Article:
If you’re looking to raise your own meat, one of the most popular options for small homesteads or backyard farms are chickens. But before your start your flock, take a moment to learn about the different breeds of meat chickens.
Chickens that are raised specifically for meat are commonly known as broilers, and they are very different from their egg-laying counterparts.
“There is a huge difference,” according to Dr. Colt Knight, assistant professor with the University of Maine Cooperative Extension and Maine state livestock specialist. “If the goal is to have a meat producing bird, raising an egg layer is a terrible idea.”
For one thing, Knight said, egg-laying hens put on weight at a much slower rate than a broiler.
“By the time an egg layer is big enough to consider eating, she’s old enough that the meat would be tough and stringy,” Knight said. “But with a broiler you end up with a big, healthy meaty bird in a fraction of the time.”
Bred to mature quickly
While egg-laying hens have been bred over generations to produce a maximum number of eggs over their lifespan, today’s broilers have been bred to go from fuzzy chick to freezer-ready in a matter of several weeks.
The industry standard, Knight said, is the Cornish Cross. This is a chicken created for the commercial meat chicken market by crossing a Cornish chicken with a White Rock chicken. It’s also a popular breed for backyard chicken flocks.
“You can have a mature Cornish Cross, ready for slaughter, in just 35 days,” Knight said. “They can grow even quicker than that, which did cause problems.”
Those problems were birds that put on muscle and fat faster than their skeletal systems could handle it.
“People were getting chickens with mobility issues,” Knight said. “They were growing so fast, their legs could not support them and [the legs] would even break.”
In recent years the commercial breeders of Cornish Cross chickens have modified the breed to grow a little slower to accommodate the increase in body weight.
“But keep in mind, according to the [broiler] industry, ‘slower’ just means a couple of days,” Knight said. “So it’s still a pretty fast growth rate.”
The benefit to a fast-growing meat bird is the limited time needed to raise a food-producing chicken.
“The less time the bird is alive, the less time you need to spend tending it and the less you will spend on feed,” Knight said. “This means a better return on your investment.”
Cornish crosses are by no means the only meat chickens available to today’s farmers or homesteaders.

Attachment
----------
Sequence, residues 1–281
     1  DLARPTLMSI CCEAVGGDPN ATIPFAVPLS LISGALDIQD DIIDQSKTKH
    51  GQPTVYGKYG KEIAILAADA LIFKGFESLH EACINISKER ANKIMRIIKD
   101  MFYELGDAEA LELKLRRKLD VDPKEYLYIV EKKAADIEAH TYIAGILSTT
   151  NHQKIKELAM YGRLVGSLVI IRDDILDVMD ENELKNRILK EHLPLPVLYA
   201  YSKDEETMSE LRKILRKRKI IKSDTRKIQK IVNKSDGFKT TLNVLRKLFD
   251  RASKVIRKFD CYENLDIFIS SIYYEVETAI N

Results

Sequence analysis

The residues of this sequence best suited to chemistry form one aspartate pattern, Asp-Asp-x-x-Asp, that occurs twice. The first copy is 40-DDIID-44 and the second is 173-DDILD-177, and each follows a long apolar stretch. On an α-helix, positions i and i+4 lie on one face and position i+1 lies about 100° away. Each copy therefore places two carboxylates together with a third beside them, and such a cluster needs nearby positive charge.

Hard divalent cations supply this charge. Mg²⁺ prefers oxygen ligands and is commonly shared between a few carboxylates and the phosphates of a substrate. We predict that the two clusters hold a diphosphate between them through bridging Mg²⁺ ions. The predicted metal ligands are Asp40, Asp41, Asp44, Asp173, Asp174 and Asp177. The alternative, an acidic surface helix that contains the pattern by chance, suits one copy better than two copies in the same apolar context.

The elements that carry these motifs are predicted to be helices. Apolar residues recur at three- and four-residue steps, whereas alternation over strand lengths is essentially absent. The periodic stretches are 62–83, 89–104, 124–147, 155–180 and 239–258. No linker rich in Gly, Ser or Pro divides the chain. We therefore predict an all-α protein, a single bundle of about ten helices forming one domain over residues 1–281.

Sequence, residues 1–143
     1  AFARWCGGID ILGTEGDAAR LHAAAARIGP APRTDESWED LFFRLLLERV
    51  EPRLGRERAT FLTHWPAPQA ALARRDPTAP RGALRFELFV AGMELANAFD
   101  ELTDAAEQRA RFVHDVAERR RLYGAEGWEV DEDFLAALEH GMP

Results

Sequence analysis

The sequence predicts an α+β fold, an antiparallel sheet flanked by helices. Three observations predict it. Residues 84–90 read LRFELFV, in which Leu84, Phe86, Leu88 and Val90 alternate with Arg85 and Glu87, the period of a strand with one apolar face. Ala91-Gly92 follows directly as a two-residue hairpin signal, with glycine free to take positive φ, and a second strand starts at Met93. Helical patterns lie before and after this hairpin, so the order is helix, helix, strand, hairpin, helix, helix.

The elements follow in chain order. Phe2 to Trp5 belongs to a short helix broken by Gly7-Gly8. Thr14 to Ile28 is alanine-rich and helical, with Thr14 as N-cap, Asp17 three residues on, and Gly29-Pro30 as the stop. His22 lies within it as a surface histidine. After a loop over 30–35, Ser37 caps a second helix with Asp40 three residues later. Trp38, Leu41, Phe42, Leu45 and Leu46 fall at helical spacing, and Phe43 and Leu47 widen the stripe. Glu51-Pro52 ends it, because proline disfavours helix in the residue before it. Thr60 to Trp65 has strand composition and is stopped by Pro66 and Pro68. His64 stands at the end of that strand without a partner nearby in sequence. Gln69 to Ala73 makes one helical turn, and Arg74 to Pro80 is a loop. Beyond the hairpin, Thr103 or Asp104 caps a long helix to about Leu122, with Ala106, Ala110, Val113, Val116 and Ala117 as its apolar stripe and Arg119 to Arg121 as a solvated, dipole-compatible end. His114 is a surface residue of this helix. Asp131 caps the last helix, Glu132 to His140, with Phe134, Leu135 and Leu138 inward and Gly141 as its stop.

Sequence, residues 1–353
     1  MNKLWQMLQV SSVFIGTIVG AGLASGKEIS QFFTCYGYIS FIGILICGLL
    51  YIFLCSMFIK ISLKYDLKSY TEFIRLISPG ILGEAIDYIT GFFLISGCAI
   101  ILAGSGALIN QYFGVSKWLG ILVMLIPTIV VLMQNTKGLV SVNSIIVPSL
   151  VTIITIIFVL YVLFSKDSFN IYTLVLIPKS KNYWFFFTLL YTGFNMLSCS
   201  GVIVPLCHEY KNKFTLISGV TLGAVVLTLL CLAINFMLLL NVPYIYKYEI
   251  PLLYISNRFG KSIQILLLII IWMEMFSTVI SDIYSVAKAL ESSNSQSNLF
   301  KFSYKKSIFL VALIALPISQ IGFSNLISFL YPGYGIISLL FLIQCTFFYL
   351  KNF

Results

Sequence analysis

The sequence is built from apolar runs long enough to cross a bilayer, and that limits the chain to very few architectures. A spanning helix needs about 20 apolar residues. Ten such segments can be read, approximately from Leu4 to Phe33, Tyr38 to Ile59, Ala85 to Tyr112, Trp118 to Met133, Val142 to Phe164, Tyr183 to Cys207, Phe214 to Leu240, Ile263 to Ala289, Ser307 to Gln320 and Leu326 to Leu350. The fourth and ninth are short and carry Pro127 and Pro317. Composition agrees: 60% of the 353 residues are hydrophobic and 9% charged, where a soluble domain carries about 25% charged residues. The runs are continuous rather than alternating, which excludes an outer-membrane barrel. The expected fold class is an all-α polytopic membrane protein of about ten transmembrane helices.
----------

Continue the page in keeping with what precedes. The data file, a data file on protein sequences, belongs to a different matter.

There are a variety of heritage breeds, or what Knight calls “freedom rangers” from which to select. As long as you don’t mind putting in some extra time to get a mature bird.
“These freedom rangers grow at a much slower rate than the Cornish Cross,” Knight said.
On average, a freedom ranger takes twice as long to mature than the Cornish Cross.
“For people looking to raise chickens and make a little bit of money selling them, a freedom ranger is not the best option,” Knight said. “They may like the idea of those birds, but they often like money more.”
Because they take longer to mature, to get a return on an investment if selling freedom rangers or heritage breeds, you need to charge enough to cover the costs of raising them. That can mean asking upwards of $30 or more, per bird. And that can be more than a consumer wants to pay.
Farm raised Cornish Cross birds, on the other hand, can be sold for around $20 each, and allow the small scale breeders to realize some profit, Knight said.
The Jersey Giant — This broiler is slow growing and reaches 13 pounds at maturity in about 16 weeks. These are calm and docile chickens, though the males can be a bit aggressive. The hens lay large brown eggs which can be enjoyed before the hens are butchered at maturity.
The Bresse — This bird, with it’s bright blue feet, is regarded as the best tasting meat chicken in the world. A Bresse reaches a mature weight between five and seven pounds in about 20 weeks. While they do not produce a lot of meat per bird, that meat is very tender and flavorful.
The Orpington — This is another meat bird with a reputation for tender and flavorful meat. Orpingtons grow up to 10-pounds in 18 to 24 weeks. A female Orpington can lay up to 200 eggs a year, making them a nice dual-purpose member of your flock.
Still, based on his experience, Knight is not a fan of the dual purpose chicken.
“These are billed as ‘dual purpose’ birds,” Knight said. “But I really don’t find them as good for either eggs or meat.”
When raising chickens, Knight recommends deciding what you want — eggs or chickens — and then get a breed specific for that purpose.
“If you are looking for chickens you can take pretty pictures of and you love to talk about heritage breeds or these slower growing birds, by all means raise those,” Knight said. “But if you are looking for a straight meat bird that grows quickly with good meat, raise the Cornish Cross.”